“The problem is the delay,” says Hans Schoenburg, co-founder of Giftflow, who also founded a free store in New Haven, Conn. with items donated during a college move-out collection. “No one’s buying furniture when everyone is moving out. But there’s enormous potential to do good with the stuff.”
One way around the storage issue is to distribute items immediately to local nonprofits and community centers. Another strategy is to set up, like Schoenburg and his team did, a free store that’s open to the community at large.
“Running the free store with the discarded stuff was a wonderful opportunity to build community and bring together people who wouldn’t have otherwise interacted,” he says. “It’s a great way to build community around reuse and bring awareness to how wasteful we can be.”
The Free Store in New Haven, Conn. Photo courtesy of Hans Schoenburg
Another way to go about starting a collection and reuse program is to get the administration behind you. While this approach may slow down the process as you’ll be in the world of proposals, budgets and boards, the benefit is that with the administration’s help, the program can scale to a campus level. There may be funds available to hire a small staff, provide designated drop-off bins and trailers and pay for the transportation and storage of the items.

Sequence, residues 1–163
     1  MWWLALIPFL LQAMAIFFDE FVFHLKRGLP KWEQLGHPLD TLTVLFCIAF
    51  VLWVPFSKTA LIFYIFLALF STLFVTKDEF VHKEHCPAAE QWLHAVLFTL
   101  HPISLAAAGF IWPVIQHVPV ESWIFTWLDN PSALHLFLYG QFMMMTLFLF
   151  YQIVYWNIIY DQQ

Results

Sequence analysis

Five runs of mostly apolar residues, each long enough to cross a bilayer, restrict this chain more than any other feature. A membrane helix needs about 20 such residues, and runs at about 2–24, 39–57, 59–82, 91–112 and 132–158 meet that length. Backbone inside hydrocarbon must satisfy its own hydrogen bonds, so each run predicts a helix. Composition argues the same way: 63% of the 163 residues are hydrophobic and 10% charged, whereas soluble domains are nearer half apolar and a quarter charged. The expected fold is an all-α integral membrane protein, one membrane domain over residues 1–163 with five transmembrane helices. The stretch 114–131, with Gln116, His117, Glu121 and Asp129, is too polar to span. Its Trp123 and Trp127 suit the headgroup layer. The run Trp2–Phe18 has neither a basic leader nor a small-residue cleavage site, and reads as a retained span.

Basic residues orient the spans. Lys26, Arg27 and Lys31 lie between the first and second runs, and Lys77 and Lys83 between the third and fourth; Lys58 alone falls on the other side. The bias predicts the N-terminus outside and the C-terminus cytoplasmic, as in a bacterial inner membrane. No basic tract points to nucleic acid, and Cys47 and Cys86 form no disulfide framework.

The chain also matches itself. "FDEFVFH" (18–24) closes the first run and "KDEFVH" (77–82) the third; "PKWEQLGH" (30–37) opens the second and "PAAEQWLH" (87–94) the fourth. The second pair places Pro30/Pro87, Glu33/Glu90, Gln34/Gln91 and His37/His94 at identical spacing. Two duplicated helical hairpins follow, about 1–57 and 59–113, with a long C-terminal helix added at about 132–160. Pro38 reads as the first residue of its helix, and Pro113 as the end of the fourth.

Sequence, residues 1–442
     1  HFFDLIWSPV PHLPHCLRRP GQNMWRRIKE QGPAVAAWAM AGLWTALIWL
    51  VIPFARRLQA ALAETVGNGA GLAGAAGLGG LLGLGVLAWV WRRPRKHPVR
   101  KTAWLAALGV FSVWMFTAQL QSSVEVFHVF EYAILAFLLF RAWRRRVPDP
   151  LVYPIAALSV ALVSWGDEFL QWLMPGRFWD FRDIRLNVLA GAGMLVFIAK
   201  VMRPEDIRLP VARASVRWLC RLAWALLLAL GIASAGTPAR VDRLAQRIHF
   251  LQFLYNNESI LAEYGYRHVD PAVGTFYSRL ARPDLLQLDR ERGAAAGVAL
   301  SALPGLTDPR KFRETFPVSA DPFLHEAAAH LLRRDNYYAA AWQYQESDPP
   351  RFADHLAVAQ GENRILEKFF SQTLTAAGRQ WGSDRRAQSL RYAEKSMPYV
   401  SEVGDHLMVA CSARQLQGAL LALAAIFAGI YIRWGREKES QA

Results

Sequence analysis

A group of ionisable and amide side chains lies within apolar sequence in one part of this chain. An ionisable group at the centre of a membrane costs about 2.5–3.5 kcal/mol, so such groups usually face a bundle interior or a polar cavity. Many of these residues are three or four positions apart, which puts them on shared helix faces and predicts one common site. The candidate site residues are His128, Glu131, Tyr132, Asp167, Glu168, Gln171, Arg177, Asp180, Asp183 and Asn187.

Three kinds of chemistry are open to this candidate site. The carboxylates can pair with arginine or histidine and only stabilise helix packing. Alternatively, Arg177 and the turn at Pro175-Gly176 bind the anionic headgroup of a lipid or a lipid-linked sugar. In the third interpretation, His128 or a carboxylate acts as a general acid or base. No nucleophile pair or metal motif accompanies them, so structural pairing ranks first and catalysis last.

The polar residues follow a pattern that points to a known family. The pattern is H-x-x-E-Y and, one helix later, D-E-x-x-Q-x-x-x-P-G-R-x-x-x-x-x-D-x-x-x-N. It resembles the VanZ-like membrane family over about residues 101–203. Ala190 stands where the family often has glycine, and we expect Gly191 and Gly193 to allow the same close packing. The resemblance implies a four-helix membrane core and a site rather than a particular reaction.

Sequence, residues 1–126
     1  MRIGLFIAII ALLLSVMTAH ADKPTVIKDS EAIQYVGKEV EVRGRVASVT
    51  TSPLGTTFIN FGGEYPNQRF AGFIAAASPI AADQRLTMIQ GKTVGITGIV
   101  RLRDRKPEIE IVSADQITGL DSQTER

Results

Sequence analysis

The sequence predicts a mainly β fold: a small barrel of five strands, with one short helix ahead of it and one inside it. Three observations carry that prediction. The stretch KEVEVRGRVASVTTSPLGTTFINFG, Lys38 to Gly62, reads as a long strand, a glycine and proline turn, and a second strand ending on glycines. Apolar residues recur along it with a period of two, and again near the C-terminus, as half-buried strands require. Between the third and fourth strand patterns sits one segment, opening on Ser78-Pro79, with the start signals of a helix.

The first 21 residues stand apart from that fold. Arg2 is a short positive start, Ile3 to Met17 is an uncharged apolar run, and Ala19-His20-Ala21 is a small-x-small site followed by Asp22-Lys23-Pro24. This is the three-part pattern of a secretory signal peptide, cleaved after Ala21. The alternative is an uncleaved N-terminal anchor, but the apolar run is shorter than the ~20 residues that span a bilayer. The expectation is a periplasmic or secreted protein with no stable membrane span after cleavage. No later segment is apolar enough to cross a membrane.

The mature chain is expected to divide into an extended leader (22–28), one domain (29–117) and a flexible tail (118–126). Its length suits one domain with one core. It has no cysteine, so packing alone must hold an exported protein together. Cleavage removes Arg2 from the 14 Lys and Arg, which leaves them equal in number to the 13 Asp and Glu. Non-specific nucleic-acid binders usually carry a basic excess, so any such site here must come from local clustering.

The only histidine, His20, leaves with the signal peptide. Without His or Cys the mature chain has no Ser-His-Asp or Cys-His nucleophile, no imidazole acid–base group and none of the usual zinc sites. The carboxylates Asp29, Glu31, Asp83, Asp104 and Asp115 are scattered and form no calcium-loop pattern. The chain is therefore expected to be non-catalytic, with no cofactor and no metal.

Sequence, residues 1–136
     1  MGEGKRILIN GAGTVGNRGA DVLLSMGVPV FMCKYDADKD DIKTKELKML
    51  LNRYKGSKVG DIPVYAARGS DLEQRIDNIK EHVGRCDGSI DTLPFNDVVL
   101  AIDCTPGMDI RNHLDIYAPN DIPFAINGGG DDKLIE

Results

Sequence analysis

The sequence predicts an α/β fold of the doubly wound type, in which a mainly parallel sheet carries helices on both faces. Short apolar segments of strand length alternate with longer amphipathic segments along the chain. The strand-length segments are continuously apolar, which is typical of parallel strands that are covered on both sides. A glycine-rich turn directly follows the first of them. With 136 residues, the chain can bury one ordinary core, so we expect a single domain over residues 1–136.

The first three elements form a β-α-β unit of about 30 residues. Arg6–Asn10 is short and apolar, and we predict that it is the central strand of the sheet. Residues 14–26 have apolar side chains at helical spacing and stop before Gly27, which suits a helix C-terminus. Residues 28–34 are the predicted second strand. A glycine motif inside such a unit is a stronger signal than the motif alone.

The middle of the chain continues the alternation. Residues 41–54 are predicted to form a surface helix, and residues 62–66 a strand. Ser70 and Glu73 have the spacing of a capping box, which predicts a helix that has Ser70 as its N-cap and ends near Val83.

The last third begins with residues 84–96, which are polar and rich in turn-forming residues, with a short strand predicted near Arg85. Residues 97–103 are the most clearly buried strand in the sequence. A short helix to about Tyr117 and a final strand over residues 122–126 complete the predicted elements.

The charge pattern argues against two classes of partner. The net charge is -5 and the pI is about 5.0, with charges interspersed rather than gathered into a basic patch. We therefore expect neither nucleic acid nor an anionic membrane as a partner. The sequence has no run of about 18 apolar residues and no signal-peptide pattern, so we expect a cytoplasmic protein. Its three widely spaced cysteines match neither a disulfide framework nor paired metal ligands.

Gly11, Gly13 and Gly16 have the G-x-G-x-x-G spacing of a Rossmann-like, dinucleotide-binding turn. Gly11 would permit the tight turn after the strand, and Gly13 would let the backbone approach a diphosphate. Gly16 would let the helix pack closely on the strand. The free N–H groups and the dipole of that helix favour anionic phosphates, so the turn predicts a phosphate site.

Kristen Lee, Yale’s 2013 Spring Sustainability Fellow, who is running the school’s Spring Salvage, emphasis the importance of working with the administration to actually get things done.
“If a student organization is looking to be successful in the long term,” she says, “I would say support the interests of facilities management, or operations-type organizations within their college. If they’re met with open ears, the transportation and storage that that type of entity can provide is valuable. Don’t reinvent the wheel,” she continues. “Work within the infrastructures that already exist.”
Starting or supporting a program that diverts reusable items from the landfill is a great way to conserve resources and draw attention to how much we waste. As Schoenburg says, “The biggest problem with a lot of waste is that it goes out of sight, out of mind. We become unconscious of it. An effort to reuse and recapture,” he continues, “also brings awareness to the act of wasting itself.”